Issue 100 of the morning shakeout is a special one, so I’m sharing it here in its entirety. If you’d like for it to land in your inbox first thing on Tuesday mornings, subscribe at this link.
This is a special issue as it marks the 100th straight Tuesday that I’ve sent the morning shakeout to inboxes worldwide. There are few—if any—things I’ve done in my life with as much consistency as this newsletter, and as such, I am proud to share this 100th issue with all of you, my loyal and steadily growing readership.
In keeping with a once-every-50-weeks tradition I started a year ago, I’m going to use this issue to reflect on how the morning shakeout has evolved over the past year while also shedding a little light on some new stuff you can look forward to in the coming months.
Before I go any further, it should be noted that I prepared this hundredth edition a few days earlier than usual so that I wasn’t working (too hard) while on vacation. As such, you won’t find any commentary around this past Sunday’s Chicago Marathon, and for that I apologize. Maybe later this week on themorningshakeout.com if the mood strikes me right. I have, however, included a few snippets of timeless interestingness at the end of this week’s missive to tide you over in the meantime.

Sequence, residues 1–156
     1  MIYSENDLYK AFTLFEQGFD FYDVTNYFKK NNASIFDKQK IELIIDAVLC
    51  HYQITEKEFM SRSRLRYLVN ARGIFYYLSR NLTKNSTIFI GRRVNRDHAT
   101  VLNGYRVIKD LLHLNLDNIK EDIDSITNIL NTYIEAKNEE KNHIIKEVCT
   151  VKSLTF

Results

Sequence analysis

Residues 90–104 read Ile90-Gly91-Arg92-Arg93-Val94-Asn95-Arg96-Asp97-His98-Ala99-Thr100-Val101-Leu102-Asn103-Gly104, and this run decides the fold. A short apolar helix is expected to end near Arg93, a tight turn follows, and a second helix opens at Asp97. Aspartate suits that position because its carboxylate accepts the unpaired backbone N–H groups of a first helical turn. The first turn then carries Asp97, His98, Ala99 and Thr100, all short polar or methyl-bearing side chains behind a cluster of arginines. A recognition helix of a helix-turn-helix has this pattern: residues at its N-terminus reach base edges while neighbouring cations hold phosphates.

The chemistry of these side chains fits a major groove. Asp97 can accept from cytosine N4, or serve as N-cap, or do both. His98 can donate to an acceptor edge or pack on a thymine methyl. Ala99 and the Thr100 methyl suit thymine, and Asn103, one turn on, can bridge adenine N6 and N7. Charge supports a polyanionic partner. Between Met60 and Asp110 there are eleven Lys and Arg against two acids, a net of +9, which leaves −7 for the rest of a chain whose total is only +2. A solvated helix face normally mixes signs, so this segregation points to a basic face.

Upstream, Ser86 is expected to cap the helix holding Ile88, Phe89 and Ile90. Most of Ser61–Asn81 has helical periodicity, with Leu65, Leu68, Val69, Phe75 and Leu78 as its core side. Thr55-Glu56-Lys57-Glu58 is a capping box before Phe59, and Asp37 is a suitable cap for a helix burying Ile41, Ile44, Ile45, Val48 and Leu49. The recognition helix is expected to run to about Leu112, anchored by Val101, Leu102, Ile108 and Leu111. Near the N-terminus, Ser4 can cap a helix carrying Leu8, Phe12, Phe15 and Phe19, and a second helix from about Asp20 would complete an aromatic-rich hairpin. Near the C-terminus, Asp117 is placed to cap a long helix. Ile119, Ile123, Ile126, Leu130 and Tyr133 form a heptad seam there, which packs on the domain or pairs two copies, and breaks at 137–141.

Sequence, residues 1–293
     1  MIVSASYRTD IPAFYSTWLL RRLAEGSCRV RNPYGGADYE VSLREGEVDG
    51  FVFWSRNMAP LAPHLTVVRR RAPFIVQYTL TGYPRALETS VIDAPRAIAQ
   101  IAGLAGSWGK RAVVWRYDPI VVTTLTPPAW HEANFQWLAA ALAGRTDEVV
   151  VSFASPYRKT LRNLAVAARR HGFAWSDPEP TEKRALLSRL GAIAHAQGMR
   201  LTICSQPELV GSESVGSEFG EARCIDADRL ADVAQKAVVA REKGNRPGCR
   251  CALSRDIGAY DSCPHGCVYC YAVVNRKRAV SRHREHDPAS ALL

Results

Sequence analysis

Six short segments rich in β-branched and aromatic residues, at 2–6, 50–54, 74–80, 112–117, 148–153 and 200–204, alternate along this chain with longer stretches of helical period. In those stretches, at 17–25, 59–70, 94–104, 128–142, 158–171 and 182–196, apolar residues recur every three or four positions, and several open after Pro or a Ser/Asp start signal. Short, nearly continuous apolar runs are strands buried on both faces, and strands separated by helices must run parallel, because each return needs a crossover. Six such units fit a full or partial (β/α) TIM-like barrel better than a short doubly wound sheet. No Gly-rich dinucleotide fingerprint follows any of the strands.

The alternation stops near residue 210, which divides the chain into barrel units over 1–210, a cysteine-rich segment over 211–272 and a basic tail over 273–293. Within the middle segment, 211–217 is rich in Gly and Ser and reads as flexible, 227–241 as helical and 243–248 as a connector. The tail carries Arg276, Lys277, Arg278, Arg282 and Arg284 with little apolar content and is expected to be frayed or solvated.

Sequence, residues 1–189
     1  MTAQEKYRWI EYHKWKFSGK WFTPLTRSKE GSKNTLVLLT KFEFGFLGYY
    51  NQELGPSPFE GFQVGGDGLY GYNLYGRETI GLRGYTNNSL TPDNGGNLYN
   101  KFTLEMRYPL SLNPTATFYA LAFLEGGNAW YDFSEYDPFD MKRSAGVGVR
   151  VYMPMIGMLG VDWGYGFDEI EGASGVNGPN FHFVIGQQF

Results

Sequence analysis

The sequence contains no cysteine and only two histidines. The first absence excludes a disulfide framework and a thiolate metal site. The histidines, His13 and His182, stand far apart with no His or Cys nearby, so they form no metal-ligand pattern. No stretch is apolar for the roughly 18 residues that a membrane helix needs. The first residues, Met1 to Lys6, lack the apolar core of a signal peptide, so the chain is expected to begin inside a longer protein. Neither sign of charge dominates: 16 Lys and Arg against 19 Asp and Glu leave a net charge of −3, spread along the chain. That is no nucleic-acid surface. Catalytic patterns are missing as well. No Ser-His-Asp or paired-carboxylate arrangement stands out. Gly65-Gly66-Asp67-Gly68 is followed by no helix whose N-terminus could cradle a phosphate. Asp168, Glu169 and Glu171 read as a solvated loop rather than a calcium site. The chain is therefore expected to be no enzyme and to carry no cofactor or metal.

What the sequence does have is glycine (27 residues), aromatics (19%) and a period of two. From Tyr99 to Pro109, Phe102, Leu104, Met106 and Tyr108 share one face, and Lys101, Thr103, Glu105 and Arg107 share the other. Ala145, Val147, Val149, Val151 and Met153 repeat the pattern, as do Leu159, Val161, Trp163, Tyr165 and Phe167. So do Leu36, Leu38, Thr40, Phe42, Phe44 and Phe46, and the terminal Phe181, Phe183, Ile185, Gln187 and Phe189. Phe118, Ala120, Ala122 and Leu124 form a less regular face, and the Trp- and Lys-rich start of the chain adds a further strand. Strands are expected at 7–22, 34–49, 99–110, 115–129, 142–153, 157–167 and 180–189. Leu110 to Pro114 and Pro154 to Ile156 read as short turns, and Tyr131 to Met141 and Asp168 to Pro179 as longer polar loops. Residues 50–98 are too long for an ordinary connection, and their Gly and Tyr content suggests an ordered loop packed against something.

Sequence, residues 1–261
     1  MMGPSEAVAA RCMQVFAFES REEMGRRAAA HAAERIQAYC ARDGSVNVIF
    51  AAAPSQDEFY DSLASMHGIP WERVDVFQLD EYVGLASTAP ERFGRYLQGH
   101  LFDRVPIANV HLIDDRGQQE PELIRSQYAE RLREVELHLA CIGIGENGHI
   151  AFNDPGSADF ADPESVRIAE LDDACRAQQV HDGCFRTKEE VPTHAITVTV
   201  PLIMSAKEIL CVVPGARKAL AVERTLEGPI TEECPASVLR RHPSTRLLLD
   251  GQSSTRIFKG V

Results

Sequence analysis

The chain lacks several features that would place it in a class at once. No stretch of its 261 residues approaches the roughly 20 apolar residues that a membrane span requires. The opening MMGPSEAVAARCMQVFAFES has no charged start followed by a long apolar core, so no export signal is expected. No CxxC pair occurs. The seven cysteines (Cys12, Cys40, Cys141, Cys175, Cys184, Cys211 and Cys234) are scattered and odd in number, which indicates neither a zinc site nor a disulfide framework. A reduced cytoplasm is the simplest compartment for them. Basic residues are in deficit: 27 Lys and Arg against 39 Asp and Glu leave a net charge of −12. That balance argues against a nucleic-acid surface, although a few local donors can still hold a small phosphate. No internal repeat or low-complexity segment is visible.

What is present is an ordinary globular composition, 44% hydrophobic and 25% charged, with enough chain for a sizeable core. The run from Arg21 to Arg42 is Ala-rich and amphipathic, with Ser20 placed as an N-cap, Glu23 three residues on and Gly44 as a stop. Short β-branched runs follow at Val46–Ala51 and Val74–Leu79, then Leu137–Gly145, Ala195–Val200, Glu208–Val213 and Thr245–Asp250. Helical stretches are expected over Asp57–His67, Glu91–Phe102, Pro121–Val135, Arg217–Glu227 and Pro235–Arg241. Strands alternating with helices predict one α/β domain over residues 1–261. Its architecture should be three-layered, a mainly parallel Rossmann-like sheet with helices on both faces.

And with all that out of the way, onto the second annual State of The Shakeout. We’ll return to our regularly scheduled programming next week. Enjoy!
By the numbers.
Last year, the 50th issue of this newsletter went out to 2,085 subscribers. As of this morning, that number has more than doubled, with over 4,800 of you receiving this hundredth edition in your inbox. I have a somewhat sizable marketing team, i.e., you, my supportive readers, to thank here. Sure, I could spend a few bucks with Facebook or Twitter to try and grow this thing even bigger, but it’s so much more meaningful to me when people subscribe because a friend or someone they follow recommended it. Growth for the sake of boasting big numbers doesn’t interest me. I want subscribers of the morning shakeout to trust in me and find value in my work. On average, 65 percent of you open this email each week, while over 19 percent of you click on at least one of the links. These last two statistics have remained remarkably consistent week over week and year over year, and both are far above industry averages related to engagement. To this, all I can say is THANK YOU. I’m deeply grateful for your continued trust, interest and support.
Moving forward with style.